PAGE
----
A boisterous Wimbledon crowd flocked to No 1 Court yesterday no doubt hoping to watch Andy Murray lead Britain's fight to stay in the Davis Cup's World Group. They left in subdued silence two hours later after seeing the country's best player sit on the sidelines as his brother, Jamie, and Ross Hutchins were outplayed 6-4, 6-3, 6-1 by Julian Knowle and Jürgen Melzer in what could prove to be the crucial rubber in this relegation play-off.
Austria now lead 2-1, so Andy Murray and Alex Bogdanovic have to win their reverse singles today against Melzer and Alexander Peya respectively to avoid relegation to the Europe Africa Zone. Considering Bogdanovic's record on the big occasion – he has not won a "live" Davis Cup rubber in five attempts and has lost in all seven of his first-round matches at Wimbledon – John Lloyd, Britain's captain, must have known that the doubles line-up was always going to be his biggest decision.
Although Hutchins and the elder Murray brother were his nominated team, Lloyd had been expected to ask Andy and Jamie to take on Knowle and Melzer, especially after Andy was not unduly extended in his singles on Friday. However, Andy had been troubled by a leg muscle problem in the week and although he told Lloyd he was available, the captain chose instead to rest his leading man.
Lloyd said: "Andy has this strained abductor that he seems to get when he changes playing surfaces. He got it from the first day when we started practising here. He obviously played pretty well yesterday, but it was just a little bit sore, particularly towards the end of the match. I had to weigh things up. You have to win three matches to win the tie and I thought this was the best option. I didn't want to risk Andy going out there and potentially playing in a long match and then going up against Melzer and not being 100 per cent.
"Andy said: 'I'm available to play,' but I talked to the medical guys and had to weigh it up and make my decision. I think the best thing is to judge it at the end of the day. If we lose the match then I'll take the heat."
Some spectators were surprised to see Murray practising on an outdoor court around the time yesterday's doubles match was starting, but Lloyd insisted: "He's just warming up. He's not diving around. He's basically just stroking the ball. If hehadn't had this little niggle he'd have been out there today for a couple of hours, instead of just stroking the ball gently for 25 minutes. He's been having treatment the whole time."
Hutchins is a decent doubles player – he is No 86 in the world rankings – but is clearly not in the younger Murray's class. While Murray has limited doubles experience, he likes playing the game and has had some success in the past. Given the war of words between himself and Melzer over the last few days, he would surely have relished the chance to upstage the Austrian No 1, even if a lengthy match might have left him struggling for fitness today.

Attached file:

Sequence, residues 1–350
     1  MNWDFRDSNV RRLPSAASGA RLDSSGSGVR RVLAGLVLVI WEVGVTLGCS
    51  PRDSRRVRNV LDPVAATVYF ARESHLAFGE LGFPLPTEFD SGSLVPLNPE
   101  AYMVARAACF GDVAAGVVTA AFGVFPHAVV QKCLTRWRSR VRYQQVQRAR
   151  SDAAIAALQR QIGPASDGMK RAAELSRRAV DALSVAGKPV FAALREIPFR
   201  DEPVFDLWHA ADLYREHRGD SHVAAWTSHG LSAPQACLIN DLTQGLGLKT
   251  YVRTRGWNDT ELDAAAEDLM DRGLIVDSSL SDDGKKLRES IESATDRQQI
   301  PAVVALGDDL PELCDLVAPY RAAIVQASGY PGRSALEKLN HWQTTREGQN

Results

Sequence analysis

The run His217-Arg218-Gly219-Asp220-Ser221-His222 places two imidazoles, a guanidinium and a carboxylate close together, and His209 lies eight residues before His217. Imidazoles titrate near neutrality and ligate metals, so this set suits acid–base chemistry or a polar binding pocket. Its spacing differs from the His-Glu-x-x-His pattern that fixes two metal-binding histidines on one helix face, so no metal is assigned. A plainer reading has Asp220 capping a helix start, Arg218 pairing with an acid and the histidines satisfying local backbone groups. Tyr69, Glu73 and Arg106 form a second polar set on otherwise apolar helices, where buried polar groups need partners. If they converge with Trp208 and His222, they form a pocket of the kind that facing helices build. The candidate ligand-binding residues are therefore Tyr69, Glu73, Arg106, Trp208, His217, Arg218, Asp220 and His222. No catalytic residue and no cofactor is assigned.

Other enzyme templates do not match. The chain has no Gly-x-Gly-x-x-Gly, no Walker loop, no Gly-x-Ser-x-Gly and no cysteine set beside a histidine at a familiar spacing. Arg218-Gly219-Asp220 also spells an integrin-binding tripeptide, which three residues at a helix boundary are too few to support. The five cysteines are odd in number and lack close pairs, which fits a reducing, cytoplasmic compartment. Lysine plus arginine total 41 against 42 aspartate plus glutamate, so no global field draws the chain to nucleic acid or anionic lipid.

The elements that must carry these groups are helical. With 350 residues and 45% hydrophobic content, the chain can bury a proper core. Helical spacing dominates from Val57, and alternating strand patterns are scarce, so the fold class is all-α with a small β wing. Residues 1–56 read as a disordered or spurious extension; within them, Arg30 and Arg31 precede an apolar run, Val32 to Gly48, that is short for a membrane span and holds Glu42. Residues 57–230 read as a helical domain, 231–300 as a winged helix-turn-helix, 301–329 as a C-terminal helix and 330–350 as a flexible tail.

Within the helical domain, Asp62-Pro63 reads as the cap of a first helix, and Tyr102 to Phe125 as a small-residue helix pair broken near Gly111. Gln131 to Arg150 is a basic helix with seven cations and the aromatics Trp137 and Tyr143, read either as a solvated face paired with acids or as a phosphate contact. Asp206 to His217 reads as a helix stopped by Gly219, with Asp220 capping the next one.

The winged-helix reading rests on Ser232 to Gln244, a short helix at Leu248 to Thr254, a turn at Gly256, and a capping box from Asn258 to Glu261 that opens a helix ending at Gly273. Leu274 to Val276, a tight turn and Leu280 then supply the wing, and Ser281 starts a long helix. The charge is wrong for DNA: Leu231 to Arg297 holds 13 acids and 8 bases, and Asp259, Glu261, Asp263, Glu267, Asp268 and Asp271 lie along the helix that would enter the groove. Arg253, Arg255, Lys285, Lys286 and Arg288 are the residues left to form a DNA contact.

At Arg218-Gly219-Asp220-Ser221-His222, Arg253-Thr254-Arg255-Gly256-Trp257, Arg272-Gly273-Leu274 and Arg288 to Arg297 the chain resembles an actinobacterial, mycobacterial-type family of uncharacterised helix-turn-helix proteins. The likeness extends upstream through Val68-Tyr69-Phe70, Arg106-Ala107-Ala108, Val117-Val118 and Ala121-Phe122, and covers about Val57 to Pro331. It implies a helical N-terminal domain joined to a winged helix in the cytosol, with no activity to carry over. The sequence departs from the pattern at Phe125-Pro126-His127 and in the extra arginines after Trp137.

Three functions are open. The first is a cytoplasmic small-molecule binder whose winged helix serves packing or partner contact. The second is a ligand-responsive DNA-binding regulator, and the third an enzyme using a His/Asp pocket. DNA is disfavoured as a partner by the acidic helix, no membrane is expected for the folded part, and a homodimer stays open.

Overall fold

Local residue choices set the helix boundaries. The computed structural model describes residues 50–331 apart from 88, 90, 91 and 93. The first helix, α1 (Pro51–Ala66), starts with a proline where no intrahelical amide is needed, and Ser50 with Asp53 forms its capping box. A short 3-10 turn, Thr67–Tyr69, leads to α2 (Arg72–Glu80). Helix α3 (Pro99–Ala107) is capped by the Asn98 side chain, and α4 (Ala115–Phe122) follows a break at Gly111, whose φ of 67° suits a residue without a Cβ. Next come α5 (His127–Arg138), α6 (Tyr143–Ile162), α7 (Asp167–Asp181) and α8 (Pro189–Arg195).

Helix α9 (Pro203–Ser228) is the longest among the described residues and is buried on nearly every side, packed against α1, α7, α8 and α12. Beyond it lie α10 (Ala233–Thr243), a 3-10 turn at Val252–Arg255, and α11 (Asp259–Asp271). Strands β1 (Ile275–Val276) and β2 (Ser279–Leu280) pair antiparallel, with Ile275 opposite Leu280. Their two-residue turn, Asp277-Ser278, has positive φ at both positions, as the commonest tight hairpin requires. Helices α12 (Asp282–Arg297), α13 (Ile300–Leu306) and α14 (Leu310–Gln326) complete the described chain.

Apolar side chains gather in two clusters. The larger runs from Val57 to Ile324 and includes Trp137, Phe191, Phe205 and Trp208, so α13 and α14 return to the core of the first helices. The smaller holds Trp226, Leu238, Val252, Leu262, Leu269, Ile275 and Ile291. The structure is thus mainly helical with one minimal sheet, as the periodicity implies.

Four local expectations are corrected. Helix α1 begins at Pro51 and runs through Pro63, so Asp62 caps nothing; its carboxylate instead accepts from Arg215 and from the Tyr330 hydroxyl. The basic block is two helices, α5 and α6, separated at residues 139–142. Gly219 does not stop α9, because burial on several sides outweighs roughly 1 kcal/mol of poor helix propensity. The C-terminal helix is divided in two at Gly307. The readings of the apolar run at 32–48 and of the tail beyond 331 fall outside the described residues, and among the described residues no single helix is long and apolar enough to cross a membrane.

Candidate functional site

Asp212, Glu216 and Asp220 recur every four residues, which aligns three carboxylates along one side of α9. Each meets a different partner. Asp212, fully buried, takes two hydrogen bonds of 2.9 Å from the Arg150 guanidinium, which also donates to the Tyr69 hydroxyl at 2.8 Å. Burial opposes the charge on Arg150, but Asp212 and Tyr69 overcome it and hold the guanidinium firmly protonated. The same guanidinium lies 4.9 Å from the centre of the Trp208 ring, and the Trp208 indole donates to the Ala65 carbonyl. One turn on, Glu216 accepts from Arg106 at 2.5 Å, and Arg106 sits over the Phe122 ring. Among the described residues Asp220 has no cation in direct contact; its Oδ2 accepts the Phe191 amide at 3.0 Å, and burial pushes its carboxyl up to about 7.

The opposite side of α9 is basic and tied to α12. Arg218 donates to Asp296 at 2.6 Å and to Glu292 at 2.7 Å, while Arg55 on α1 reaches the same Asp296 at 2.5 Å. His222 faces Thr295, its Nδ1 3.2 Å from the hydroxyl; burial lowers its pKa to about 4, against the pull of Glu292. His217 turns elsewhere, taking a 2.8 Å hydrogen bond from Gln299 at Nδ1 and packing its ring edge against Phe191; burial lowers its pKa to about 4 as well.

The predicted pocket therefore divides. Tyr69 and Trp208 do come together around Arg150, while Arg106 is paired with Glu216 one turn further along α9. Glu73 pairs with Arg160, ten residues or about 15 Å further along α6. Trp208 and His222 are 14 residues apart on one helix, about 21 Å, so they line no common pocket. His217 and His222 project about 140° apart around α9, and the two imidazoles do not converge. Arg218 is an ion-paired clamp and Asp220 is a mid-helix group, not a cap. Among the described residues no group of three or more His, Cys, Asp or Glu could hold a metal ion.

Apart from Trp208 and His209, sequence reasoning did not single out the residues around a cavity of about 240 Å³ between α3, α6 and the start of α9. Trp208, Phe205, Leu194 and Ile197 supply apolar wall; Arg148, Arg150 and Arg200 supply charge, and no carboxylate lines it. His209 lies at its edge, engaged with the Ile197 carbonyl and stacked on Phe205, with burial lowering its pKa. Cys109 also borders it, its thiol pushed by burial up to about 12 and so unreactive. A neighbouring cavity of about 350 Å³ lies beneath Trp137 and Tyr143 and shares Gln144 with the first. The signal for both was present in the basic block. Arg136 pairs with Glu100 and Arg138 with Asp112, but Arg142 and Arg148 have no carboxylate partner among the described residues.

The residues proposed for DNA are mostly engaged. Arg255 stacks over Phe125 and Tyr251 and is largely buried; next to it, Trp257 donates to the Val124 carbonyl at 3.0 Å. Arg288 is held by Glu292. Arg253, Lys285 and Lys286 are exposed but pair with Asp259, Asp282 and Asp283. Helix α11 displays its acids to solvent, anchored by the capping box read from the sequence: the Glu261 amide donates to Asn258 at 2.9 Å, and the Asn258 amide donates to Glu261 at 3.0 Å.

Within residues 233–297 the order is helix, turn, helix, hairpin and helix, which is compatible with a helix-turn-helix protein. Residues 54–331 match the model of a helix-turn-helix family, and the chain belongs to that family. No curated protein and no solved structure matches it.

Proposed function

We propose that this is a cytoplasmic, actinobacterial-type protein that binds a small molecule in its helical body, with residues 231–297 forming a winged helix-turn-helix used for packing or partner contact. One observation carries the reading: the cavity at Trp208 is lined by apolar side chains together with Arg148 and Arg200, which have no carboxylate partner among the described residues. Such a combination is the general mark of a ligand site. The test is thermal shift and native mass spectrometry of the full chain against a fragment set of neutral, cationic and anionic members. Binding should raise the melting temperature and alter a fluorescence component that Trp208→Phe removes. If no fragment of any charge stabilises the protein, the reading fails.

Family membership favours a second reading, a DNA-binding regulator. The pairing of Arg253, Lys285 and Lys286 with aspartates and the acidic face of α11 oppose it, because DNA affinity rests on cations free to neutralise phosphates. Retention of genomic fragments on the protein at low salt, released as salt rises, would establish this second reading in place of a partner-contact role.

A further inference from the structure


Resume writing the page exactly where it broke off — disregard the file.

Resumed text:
Lloyd is clearly steeling himself for some criticism if his selection backfires, though on the evidence of yesterday's match you wonder whether Murray would have made a difference.
Knowle and Melzer played superbly throughout. Although not regular doubles partners on the main tour, the Austrians have established a solid partnership in the Davis Cup. Their understanding and teamwork was evident, while Jamie Murray and Hutchins, who had played only one competitive match together in the last three years, never had the same rapport.
Knowle, 34, was by some margin the most experienced of the four men on court. He has concentrated exclusively on doubles since 2005, reached 23 finals in the last six years and has all the strengths you would expect of a doubles specialist ranked No 15 in the world: a big serve, sound volleys, lightning reactions and a great sense of anticipation.
Melzer, 27, is more of a singles player, but adds some real flair to their game. Some of his angled forehand cross-court shots were stunning and regularly caught out the British pair.
Hutchins and Murray both have big first serves, but the Austrians repeatedly hammered huge returns back at their feet. On second serves the Austrians were merciless, particularly on Hutchins. Murray looked confident at the net in the early stages but he was soon making as many errors as his partner. By the end both players were missing routine volleys on a regular basis.
Murray dropped serve in the opening game and although the Britons broke Melzer immediately and were competitive until 3-3 the match quickly slipped from their grasp. Hutchins dropped his serve in the next game before the Austrians served out for the first set.
The Britons were soon 4-0 down in the second set andalthough they broke Melzer at 5-2 Hutchins again dropped his serve in the following game. From 1-1 in the final set the Austrians won five games in a row to complete an overwhelming victory.
Melzer, asked about Andy Murray's absence, said: "I think it lifted both of us. He's a great tennis player and can do some damage. We expected him to be on the court today. He wasn't and I think it was good for us."
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